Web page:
I’m somewhat shocked that in 2012, there’s still not an easy way to buy or rent movies that can play on a multitude of common consumer electronics devices. The days of walking to a local retailer to purchase music on a disc seem long past, and something I’ll likely tell my son to quips like “Dad, you’re such a dinosaur”, yet Hollywood seems to cling to this model unquestioningly.
As a college student during the 1990’s when music piracy on the internet was new and my ideas about intellectual property were rather immature, digital downloads were all the rage. After unsuccessful efforts at everything from lawsuits to music playable on only some devices (one now-discontinued class of which was ironically branded “plays for sure”) universally-playable, non-protected music is available from Amazon and Apple for a buck. I’m glad to use a convenient online store, and instantly “scratch an itch” for a new song that I can play on my cheapo MP3 player I use for jogging, iPhone, and car. In essence, the paid product is easier to find, and of known quality versus the bootleg.
Hollywood seems to miss the message that consumers not only want instant gratification, but a product they know will work with minimal fuss on everything from their iPhone to their TV, or laptop at 30,000 feet while on a flight. Hollywood’s answer is increasingly complex copy protection, that necessitates particularly software and video hardware, and makes a consumer spend hours researching formats and protection schemes versus pirated video that will likely run on his or her device of choice.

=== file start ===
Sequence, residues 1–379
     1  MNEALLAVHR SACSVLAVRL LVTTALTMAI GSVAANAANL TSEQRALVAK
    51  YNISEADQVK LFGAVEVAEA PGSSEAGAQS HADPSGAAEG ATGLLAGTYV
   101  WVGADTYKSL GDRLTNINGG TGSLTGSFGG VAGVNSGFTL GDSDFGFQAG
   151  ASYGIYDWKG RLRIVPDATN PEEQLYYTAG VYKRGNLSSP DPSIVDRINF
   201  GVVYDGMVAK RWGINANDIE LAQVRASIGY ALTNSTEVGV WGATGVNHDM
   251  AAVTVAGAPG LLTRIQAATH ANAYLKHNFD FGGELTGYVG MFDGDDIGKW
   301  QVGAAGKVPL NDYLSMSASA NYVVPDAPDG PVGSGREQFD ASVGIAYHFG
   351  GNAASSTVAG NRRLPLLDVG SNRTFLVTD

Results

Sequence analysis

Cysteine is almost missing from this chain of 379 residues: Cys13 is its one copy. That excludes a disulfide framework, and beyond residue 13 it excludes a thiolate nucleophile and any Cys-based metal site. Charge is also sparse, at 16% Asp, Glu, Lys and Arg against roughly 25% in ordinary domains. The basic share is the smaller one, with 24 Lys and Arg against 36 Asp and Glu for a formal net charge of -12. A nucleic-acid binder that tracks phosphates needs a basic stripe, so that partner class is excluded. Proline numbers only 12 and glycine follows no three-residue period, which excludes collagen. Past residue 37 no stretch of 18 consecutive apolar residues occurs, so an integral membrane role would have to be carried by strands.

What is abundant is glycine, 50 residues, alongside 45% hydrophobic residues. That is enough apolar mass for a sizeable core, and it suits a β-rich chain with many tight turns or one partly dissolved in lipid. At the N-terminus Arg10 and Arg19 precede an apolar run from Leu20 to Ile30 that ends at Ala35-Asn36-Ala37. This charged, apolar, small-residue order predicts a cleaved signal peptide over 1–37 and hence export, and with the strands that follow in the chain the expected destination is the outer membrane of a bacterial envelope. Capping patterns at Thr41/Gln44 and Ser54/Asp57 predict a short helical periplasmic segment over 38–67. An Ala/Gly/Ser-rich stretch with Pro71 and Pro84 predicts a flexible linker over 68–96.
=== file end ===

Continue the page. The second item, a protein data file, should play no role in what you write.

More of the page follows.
Perhaps I’m naïve, but I believe most consumers of pirated video would gladly pay for a high-quality product that was easy to find and easy to use. Browsing audio in iTunes and on Amazon is a joy, yet major studios complex licensing requirements and insistence on copy protection make the corresponding legitimate video product unwieldy. Want to watch a movie on a Friday night? Perhaps it was on Netflix on Monday, but pulled on Thursday due to a contract dispute. Interested in watching that movie you bought on iTunes? Too bad your Samsung TV won’t read the copy-protected format. Trying to use the new Hollywood “ultra violet” standard to watch a movie on your phone? Too bad there’s no supported player for your phone. It’s little wonder no one wants to buy a product with inferior features and a premium price.
While Hollywood certainly has reasons for attempting to cling to its old model, lambasting your consumers while simultaneously offering a grossly inferior product certainly looks like a tragic drama rather than a blockbuster of a strategy.